From Spain, France, Canada and America… I’m back!

First, a thousand apologies; I have been meaning to write this for a couple of months now. However, as much as I enjoyed writing about my travels, it seems I’m not that motivated when it comes to writing about my non-travels. So I just kept putting it off to tomorrow, to next week, to next month, even though some people contacted me to ask if I had died at Oktoberfest or somehow earned myself an all-inclusive extended stay in a Bavarian jail.

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After all, how exciting is this picture of me stocking up at Costco? (European and Asian friends, think of the Hypermarket version of Carrefour)

So, what is the situation? I was in fact on break for an undetermined duration, and in some ways, I still am. I never wrote about financial matters, but the truth is that I built a small business on the side while I was living the office dream. It mostly sustains me even if I don’t work, but forces a modest lifestyle which limits my ability to visit places like Antarctica (I would add Space, but I’ll wait until Virgin Galactic sort out their technical difficulties). So my plan is to start another business, one which I eventually hope be able to detach myself from and travel, probably not full-time, but more or less at will.

So I did spend a lot of time in Ottawa developing my business concept, but when I say I stopped travelling after Oktoberfest, that is not quite accurate. In fact, I went to a few places I never wrote about. Try and guess which exotic destination I visited recently.

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Leaves have fallen off the trees. Lots of cars but no pedestrians in sight. Very little signage in English. Of course, there is only one possible answer, I was in suburban Toronto. More specifically, driving along Yonge Street, widely but  mistakenly known as “the longest street in the world”, extending nearly 1,900 km from downtown Toronto all the way to the Michigan border. In fact, while you can drive the whole length of that, at some point it becomes Highway 11 and to keep calling it “Yonge Street” makes no sense at all. But it still extends a good 56 km into vast expanses of row houses and McMansions, where not long ago vegetables grew around small towns and villages.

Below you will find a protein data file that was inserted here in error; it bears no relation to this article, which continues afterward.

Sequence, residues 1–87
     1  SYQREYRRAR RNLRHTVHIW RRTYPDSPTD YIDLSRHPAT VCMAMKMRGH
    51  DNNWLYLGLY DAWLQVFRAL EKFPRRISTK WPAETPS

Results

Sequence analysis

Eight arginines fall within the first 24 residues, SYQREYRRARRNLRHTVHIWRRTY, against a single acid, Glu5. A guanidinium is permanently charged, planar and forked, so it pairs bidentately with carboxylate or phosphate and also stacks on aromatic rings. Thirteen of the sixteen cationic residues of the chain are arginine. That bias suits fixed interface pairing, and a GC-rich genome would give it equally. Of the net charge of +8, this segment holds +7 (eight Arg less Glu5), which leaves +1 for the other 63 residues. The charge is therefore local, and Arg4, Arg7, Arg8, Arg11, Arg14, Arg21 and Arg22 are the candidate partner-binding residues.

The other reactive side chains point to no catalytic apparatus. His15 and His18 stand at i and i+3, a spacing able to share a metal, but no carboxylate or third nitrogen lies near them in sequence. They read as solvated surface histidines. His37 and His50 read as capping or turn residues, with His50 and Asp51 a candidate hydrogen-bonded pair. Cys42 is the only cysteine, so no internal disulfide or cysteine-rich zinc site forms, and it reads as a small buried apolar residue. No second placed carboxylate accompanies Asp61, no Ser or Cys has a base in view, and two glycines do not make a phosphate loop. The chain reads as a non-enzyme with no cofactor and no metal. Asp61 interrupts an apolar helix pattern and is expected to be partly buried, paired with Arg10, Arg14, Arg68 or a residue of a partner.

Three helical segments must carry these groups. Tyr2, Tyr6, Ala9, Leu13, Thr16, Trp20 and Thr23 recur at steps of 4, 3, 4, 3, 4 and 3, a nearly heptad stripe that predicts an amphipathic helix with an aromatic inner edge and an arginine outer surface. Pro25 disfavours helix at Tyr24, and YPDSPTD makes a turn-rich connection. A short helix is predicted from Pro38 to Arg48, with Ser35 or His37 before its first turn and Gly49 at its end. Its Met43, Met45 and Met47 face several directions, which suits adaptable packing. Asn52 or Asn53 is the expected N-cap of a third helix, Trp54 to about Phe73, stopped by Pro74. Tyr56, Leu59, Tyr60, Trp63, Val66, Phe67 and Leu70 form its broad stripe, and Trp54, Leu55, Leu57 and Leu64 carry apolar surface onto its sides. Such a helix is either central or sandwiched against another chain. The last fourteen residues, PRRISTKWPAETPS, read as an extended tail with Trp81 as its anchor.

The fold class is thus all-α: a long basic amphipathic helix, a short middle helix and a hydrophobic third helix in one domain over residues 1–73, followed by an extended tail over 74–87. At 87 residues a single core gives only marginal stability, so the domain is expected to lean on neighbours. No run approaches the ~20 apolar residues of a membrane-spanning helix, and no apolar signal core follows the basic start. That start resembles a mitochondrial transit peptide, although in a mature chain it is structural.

With a population of 5.6 million, the Greater Toronto Area is one of the largest urban centres in North America. It is also one – if not the – most diverse, with over half of the residents born outside Canada. While French is one of the two official languages of Canada, in Toronto it is the mother tongue of only 1.1% of the population, the same as Gujarati, but behind – in order – English, Cantonese, Italian, Chinese (not specified), Punjabi, Spanish, Tagalog, Urdu, Tamil, Portuguese, Mandarin, Persian, Russian, Polish and Arabic (with Korean, Vietnamese and Greek probably catching-up to French soon). Since many ethnic groups concentrate in certain areas, don’t be surprised if you look at suburban storefronts and have no idea what kind of businesses they are (unless you read the neighbourhood’s dominant language, of course).